MAP/Italy. Beginning with just a hand- ful of employees, the U.S. outfit, which has since moved from Pocasset, Mass. to Mashpee, has evolved into a group of more than 50 employees — within the anti-grounding alarms — preset vessel safe contour and the system "looks ahead" for chart features/depths that can pose navigational hazards, course up or relative motion displays.

CM-93 — Information Via the

Touch of A Button

CM-93 was developed to satisfy the needs of commercial/professional cus- tomers as well as to meet the demands of

IMO's requirements for a S57 compati- ble database for use in ECDIS. Suitable for use in ECS (Electronic Charting Sys- tems),

C-MAP's CM-93 or SENC (System

Electronic Navigational Chart), is DNV (Det Norske Veritas) certified effective- ly allowing the shore based compiling of official ENC's, when available, and is distributed within the CM-93 database.

A major advantage of CM-93 users that want to sail with official ENC's but do not want to deal with the at sea conver- sion of S57 data.

Fosco Bianchetti, (pictured above), developed an innovative electronic charting system in the mid-1980 s with partner Giuseppe Carnevali.

While the company has offices located throughout the world boasting teams of people who update the electronic charts on a real-time basis, updates for the

Americas, are handled out of the Mash- pee location. A team of people who work out of this location, take in infor- mation on a daily basis, such as Notices to Mariners and bulletins from the U.S.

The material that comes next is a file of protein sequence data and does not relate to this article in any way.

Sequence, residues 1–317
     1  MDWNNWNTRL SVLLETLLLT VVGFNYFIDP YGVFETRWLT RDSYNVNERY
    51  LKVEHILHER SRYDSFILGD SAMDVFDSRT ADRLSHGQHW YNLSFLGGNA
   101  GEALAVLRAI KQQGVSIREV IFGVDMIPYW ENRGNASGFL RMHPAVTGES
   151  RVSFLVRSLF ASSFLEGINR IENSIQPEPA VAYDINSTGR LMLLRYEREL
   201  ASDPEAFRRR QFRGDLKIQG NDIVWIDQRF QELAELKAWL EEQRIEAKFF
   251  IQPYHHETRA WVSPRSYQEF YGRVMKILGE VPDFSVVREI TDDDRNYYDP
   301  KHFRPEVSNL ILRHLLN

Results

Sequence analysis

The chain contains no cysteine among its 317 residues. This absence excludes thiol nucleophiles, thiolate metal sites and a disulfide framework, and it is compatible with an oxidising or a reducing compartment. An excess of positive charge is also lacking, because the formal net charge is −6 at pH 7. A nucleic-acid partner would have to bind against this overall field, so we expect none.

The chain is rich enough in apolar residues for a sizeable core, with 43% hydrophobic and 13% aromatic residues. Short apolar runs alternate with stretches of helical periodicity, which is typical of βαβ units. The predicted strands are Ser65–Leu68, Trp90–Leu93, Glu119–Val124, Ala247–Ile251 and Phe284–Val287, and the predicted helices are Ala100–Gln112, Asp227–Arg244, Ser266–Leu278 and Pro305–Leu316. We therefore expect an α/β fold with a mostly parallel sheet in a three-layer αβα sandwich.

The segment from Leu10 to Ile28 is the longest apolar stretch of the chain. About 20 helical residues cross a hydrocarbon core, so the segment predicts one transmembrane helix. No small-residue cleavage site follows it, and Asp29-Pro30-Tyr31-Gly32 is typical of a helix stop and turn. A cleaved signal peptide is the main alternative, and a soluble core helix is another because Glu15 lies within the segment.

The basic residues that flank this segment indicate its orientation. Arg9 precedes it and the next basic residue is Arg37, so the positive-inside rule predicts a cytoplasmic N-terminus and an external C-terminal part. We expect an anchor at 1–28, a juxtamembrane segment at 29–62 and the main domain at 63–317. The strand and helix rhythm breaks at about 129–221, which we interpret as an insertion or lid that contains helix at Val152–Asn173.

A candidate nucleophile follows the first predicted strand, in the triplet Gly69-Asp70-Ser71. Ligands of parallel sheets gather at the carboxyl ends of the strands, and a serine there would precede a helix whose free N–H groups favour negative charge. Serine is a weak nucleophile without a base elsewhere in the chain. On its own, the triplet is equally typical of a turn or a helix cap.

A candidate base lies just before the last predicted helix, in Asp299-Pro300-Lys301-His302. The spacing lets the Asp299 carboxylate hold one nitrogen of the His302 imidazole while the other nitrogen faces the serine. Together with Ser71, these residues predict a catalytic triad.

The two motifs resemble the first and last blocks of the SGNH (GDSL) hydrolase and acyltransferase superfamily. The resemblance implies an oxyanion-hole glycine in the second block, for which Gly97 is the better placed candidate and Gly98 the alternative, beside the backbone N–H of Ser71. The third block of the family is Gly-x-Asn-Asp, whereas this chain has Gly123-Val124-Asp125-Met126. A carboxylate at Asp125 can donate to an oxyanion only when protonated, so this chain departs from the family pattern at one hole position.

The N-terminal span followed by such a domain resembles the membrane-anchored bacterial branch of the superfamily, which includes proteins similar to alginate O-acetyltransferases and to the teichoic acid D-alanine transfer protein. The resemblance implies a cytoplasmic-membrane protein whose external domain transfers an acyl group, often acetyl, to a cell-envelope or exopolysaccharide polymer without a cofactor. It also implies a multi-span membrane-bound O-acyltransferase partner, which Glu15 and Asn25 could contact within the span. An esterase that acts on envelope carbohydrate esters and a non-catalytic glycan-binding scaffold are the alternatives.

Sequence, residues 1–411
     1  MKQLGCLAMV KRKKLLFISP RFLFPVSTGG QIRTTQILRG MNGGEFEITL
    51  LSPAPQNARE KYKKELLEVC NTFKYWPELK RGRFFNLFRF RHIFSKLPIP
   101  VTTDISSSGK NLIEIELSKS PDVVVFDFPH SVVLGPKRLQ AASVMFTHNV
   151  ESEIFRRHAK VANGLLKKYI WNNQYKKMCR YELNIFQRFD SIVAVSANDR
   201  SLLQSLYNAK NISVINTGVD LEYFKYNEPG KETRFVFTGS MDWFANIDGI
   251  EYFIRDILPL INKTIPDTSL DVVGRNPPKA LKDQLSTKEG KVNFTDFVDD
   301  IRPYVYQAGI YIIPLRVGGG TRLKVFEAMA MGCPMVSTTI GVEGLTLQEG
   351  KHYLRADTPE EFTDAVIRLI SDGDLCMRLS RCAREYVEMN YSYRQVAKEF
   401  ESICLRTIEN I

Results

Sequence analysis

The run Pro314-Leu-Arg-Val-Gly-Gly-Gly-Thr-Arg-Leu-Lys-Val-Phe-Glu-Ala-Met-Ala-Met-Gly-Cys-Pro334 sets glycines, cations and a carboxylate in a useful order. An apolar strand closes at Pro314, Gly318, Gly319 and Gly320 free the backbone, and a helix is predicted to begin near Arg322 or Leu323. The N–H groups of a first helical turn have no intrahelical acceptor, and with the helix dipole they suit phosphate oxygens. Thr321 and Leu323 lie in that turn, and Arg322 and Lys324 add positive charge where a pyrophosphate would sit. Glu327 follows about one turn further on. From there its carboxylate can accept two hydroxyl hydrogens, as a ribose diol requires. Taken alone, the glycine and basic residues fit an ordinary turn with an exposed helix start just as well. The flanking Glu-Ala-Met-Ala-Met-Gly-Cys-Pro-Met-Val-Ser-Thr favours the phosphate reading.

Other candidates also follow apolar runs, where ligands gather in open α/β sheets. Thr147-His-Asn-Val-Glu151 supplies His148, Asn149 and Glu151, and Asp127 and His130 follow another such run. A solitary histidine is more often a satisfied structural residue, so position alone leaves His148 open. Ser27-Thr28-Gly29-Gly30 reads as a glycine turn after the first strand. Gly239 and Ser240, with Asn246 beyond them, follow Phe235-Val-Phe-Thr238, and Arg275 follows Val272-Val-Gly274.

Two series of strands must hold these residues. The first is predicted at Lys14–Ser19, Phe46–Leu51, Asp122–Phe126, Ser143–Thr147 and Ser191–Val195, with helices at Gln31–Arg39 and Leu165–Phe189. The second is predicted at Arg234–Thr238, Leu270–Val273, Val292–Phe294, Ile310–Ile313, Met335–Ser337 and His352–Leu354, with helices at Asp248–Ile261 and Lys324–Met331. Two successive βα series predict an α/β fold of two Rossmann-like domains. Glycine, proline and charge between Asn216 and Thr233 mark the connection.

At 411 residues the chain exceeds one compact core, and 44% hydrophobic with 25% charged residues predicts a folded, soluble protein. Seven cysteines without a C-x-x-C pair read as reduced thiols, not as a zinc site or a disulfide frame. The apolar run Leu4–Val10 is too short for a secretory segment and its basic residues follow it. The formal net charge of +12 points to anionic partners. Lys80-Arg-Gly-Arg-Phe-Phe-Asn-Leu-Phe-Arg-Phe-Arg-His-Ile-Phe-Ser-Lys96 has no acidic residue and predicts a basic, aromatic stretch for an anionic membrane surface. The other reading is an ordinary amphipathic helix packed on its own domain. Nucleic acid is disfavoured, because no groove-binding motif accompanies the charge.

Coast Guard, and implement them into

C-MAP's database, which is updated daily. Dubbed by the company as a "very large, moving, dynamic database," these updates can then be downloaded via the Internet and integrated directly into the electronic charting system onboard the vessel so that vessel opera- tors are kept abreast of the latest changes in the world's shipping lanes and ports — all with the push of a button. It is important to point out that these update files are quite small in size, a week's worth of updates for the U.S. East Coast is only 50kb, which via a typical

Inmarsat connection, can be down- loaded in just minutes.

While some may perceive that C-MAP supplies the actual equipment for the bridge system, they, according to the company's V.P. and General Manager,

Ken Cirillo, function strictly as provider of pertinent data. "We don't sell these systems, rather we give our OEM's the ability to use our data," Cirillo said.

In essence, C-MAP has mastered the first part of the puzzle for its OEM's, the next piece to concentrate on, according to Cirillo, is the challenge of ensuring that OEM's are integrating the data in a proper, timely manner, as well as pro- moting the functionality of the actual software. Cirillo cites that one of his main priorities regarding the develop- ment of the new CM-93 version is sim- ply "getting the word out." According to

Maritime Reporter & Engineering News ^1:1000000 The Race 2ig 9 /£ ^ith just the click of a mouse, shoreside shipping manafrorc n^r, liiaii, \mnnnc- fhr/M.nk rV-no managers can view real-time images through Ocean-

View, C-MAP's Geograf)to